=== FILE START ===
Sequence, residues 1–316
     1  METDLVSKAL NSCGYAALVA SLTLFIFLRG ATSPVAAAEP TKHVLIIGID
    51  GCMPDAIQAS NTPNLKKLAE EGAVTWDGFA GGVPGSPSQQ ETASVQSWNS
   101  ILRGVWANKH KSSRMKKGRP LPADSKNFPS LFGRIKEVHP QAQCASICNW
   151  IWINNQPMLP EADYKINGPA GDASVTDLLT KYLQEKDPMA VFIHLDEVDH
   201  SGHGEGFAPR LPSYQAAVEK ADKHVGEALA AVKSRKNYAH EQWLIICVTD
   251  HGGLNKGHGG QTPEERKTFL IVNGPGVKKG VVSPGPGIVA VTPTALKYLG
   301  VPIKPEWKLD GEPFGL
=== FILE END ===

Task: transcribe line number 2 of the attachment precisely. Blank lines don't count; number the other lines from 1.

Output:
     1  METDLVSKAL NSCGYAALVA SLTLFIFLRG ATSPVAAAEP TKHVLIIGID